Civil society also helps to prevent health issues arising in the first place. High levels of social capital can help to reduce the onset of common mental illness and poor self-rated health, and are linked to reduced participation in potentially harmful practices such as smoking.

Cornwall-based charity WILD Young Parents’ Project works with young parents expecting a child, providing early years support and helping to establish “the building blocks of a healthy, happy future”. Research shows that 97% of total cuts in spending on disadvantage have fallen on the fifth most deprived English councils. In this context, early intervention initiatives such as WILD are vital in preventing poor health outcomes for the children who will receive the least support in managing them. In the process, such initiatives further reduce strain on public sector health provision.


Finally, civil society helps to reduce crime rates while and by supporting people caught up in the criminal justice system

Civil society helps to tackle crime in our neighbourhoods. Again, one of civil society’s core strengths here lies in its ability to serve communities particularly at risk of falling foul of the law. By delivering services for people with mental health needs and substance misuse problems, as well as people facing homelessness and poverty, civil society organisations provide targeted support to the disadvantaged groups that most often come into contact with the criminal justice system.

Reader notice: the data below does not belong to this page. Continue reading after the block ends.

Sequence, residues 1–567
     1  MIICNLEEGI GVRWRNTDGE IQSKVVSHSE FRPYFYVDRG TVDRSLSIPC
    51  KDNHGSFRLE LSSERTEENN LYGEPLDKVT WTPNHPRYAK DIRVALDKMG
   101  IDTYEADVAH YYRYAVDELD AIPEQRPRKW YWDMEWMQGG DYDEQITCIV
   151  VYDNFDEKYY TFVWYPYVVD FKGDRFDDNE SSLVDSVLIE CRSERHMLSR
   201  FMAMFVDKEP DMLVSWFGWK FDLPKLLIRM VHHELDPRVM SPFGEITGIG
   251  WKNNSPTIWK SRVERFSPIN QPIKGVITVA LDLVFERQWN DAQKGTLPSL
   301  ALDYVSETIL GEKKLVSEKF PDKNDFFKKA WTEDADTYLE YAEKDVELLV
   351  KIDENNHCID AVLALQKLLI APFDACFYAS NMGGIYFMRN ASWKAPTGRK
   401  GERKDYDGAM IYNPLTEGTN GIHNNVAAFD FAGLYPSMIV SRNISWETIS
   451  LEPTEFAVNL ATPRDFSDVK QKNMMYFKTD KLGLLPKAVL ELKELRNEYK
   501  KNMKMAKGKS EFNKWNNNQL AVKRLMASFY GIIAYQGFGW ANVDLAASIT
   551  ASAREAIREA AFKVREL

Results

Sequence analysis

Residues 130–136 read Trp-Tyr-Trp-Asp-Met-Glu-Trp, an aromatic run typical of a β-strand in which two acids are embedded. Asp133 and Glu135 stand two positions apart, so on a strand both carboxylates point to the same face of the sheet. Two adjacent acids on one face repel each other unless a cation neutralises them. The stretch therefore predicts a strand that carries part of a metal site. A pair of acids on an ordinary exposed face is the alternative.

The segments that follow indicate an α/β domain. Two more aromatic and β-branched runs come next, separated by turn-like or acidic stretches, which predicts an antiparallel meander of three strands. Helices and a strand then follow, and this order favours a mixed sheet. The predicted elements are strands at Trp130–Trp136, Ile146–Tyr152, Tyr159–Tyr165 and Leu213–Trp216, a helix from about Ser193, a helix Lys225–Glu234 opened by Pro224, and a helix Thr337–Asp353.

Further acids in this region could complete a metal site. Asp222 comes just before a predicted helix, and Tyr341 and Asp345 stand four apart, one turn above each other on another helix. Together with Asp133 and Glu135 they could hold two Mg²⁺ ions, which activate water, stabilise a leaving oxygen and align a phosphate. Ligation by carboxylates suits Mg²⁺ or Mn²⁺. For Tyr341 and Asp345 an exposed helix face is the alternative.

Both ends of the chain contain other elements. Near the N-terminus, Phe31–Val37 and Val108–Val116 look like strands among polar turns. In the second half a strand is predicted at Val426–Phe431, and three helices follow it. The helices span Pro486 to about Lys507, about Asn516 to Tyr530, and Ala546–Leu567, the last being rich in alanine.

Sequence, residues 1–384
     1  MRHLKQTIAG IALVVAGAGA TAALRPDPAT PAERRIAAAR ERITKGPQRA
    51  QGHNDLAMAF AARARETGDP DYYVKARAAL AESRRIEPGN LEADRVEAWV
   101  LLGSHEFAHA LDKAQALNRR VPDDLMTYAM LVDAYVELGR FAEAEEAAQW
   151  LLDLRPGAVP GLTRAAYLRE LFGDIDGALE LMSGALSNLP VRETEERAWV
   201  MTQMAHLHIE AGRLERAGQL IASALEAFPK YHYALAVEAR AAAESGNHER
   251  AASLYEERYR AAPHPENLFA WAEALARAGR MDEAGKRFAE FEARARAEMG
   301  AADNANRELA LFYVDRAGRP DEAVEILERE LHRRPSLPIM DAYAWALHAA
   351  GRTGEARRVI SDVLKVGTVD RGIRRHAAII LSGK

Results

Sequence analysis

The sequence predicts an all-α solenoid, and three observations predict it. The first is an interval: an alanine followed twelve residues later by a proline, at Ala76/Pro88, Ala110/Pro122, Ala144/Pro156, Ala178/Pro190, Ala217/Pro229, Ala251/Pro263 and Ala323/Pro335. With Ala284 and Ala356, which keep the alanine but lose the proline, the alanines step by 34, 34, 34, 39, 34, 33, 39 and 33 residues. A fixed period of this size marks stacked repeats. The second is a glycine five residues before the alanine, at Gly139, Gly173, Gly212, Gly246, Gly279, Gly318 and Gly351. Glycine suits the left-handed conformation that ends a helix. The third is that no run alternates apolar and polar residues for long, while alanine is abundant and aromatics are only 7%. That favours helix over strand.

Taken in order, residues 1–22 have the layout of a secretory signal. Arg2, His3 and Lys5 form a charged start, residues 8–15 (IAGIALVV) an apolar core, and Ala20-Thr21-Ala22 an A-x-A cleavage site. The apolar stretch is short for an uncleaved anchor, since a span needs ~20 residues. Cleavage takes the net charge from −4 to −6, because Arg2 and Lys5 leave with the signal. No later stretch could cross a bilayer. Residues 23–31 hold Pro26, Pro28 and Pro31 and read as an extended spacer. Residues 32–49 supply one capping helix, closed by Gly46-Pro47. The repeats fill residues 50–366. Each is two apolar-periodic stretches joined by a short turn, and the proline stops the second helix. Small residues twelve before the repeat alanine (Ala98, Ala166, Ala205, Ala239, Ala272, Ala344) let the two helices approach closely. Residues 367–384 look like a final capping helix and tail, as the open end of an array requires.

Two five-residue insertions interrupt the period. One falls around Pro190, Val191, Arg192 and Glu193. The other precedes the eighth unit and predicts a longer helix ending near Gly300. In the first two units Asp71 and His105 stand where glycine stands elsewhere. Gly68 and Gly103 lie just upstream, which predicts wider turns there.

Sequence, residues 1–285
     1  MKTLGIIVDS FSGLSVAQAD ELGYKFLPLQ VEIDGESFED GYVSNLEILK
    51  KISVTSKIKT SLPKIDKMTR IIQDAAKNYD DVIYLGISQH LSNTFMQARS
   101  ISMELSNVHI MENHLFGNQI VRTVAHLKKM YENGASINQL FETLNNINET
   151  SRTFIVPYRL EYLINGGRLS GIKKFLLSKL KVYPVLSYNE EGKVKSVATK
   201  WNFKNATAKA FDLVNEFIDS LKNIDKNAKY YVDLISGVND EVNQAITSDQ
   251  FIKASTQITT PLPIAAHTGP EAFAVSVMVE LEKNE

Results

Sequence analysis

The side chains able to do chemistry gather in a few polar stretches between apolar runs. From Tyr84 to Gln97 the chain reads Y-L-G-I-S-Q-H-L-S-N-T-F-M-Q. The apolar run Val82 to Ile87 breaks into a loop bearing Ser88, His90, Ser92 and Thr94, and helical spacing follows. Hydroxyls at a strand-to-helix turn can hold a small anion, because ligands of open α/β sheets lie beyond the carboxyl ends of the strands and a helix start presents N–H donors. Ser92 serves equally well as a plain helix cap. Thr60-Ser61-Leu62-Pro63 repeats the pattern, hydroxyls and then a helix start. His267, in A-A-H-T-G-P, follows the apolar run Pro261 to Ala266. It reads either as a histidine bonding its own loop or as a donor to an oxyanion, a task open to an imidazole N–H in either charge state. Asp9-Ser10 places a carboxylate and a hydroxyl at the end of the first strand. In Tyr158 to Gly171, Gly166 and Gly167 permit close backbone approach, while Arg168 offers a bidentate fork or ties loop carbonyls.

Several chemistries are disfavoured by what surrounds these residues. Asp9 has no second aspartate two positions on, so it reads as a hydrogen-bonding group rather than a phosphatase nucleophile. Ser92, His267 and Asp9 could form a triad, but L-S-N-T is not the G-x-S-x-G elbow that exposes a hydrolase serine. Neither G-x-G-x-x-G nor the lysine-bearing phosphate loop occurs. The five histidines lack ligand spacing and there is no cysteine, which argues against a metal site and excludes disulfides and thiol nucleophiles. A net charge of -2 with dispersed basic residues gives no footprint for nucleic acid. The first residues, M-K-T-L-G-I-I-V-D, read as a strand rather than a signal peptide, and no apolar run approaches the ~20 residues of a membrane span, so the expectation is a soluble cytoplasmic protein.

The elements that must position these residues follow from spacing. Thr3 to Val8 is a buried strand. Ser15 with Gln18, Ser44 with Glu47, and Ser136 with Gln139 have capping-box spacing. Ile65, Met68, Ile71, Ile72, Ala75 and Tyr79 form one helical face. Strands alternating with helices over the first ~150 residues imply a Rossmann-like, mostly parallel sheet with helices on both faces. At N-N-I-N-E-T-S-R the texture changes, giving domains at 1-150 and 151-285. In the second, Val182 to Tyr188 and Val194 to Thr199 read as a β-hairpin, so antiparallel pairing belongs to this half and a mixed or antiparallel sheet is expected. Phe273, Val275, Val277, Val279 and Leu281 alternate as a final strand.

Civil society and government representatives alike credit the voluntary sector with having a distinct ability to address the diverse needs of offenders. This is borne out in data gathered from interviews with users of the Transition to Adulthood (T2A) Pathway Programme, which provides support for young adults who are either offenders or at risk of offending at various stages of their engagement with the criminal justice system. Service users’ experiences with T2A were generally more positive than their experiences with other agencies, as they described how the services were delivered as more important than solely what was delivered.

Another core function of civil society, closely related to the above, is its distinctive role in reducing reoffending. From practical and emotional support for offenders and their families, to delivering skills training and running restorative justice programmes, civil society provides a range of interventions where the public sector fails to deliver.

On average, such interventions help to reduce one-year reoffending rates by an average of 7%, with some having a much greater impact. For instance, Safe Ground’s Fathers Inside project, a group-work programme for men in prison, uses drama, fiction, group discussion, games, and written portfolio work to enable students to develop a better understanding of their roles as fathers. The programme is associated with a reduction in one-year reoffending from 40% to 24%.